Reassessment of shortwave surface cloud radiative forcing in the Arctic: consideration of surface-albedo–cloud interactions

Stapf, Johannes; Ehrlich, André; Jäkel, Evelyn; Lüpkes, Christof; Wendisch, Manfred

The concept of cloud radiative forcing (CRF) is commonly applied to quantify the impact of clouds on the surface radiative energy budget (REB). In the Arctic, specific radiative interactions between microphysical and macrophysical properties of clouds and the surface strongly modify the warming or cooling effect of clouds, complicating the estimate of CRF obtained from observations or models. Clouds tend to increase the broadband surface albedo over snow or sea ice surfaces compared to cloud-free conditions. However, this effect is not adequately considered in the derivation of CRF in the Arctic so far. Therefore, we have quantified the effects caused by surface-albedo–cloud interactions over highly reflective snow or sea ice surfaces on the CRF using radiative transfer simulations and below-cloud airborne observations above the heterogeneous springtime marginal sea ice zone (MIZ) during the Arctic CLoud Observations Using airborne measurements during polar Day (ACLOUD) campaign. The impact of a modified surface albedo in the presence of clouds, as compared to cloud-free conditions, and its dependence on cloud optical thickness is found to be relevant for the estimation of the shortwave CRF. A method is proposed to consider this surface albedo effect on CRF estimates by continuously retrieving the cloud-free surface albedo from observations under cloudy conditions, using an available snow and ice albedo parameterization. Using ACLOUD data reveals that the estimated average shortwave cooling by clouds almost doubles over snow- and ice-covered surfaces (inline-formula−62 inline-formulaW m−2 instead of inline-formula−32 inline-formulaW m−2), if surface-albedo–cloud interactions are considered. As a result, the observed total (shortwave plus longwave) CRF shifted from a warming effect to an almost neutral one. Concerning the seasonal cycle of the surface albedo, it is demonstrated that this effect enhances shortwave cooling in periods when snow dominates the surface and potentially weakens the cooling by optically thin clouds during the summertime melting season. These findings suggest that the surface-albedo–cloud interaction should be considered in global climate models and in long-term studies to obtain a realistic estimate of the shortwave CRF to quantify the role of clouds in Arctic amplification.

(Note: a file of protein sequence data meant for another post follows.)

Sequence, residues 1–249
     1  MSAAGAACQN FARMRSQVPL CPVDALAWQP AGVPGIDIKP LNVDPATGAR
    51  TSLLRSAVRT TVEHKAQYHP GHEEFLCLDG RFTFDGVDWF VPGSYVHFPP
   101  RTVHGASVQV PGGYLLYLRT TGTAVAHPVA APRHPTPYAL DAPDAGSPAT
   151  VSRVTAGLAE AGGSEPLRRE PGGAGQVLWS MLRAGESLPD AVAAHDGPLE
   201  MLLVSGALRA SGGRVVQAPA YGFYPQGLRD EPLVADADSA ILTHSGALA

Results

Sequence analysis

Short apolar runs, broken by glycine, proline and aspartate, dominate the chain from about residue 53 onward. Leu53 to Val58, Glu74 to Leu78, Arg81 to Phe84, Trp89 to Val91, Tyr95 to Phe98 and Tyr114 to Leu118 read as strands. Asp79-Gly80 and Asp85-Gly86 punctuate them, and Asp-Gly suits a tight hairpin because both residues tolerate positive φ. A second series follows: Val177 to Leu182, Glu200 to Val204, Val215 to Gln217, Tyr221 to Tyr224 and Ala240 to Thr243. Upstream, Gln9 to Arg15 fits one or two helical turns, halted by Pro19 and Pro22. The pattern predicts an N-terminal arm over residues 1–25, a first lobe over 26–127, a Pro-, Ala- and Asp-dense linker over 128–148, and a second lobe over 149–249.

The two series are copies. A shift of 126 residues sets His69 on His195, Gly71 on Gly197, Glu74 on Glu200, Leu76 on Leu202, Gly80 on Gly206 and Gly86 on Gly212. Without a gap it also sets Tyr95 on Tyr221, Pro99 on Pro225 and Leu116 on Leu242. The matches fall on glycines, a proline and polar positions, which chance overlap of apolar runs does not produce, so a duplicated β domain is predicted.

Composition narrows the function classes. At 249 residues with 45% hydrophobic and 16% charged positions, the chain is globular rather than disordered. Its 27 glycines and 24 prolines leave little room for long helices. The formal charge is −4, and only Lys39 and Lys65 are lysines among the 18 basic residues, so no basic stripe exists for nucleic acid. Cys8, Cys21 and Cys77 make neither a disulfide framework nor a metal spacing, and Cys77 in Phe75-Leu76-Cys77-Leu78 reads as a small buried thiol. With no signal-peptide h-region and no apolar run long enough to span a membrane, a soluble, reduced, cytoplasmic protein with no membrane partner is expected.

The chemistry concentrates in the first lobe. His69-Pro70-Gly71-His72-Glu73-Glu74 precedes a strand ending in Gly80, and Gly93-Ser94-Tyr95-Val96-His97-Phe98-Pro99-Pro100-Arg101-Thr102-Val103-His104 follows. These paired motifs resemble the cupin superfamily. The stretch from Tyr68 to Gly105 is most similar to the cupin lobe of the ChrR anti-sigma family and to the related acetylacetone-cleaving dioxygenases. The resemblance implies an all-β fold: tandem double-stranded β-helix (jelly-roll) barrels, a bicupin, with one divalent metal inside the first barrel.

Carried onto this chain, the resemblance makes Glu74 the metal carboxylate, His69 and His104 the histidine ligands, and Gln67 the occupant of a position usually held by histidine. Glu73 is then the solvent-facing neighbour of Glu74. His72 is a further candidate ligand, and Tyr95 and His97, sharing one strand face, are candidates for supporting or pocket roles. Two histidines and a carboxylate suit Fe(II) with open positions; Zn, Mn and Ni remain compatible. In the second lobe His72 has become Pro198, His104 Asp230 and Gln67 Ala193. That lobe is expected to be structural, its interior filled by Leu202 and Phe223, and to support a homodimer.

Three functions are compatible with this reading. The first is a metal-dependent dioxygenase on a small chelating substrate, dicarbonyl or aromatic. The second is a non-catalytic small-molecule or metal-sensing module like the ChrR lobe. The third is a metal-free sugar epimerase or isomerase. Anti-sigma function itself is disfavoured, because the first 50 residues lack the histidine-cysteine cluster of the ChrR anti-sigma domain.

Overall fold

Stapf, Johannes / Ehrlich, André / Jäkel, Evelyn / et al: Reassessment of shortwave surface cloud radiative forcing in the Arctic: consideration of surface-albedo–cloud interactions. 2020. Copernicus Publications.


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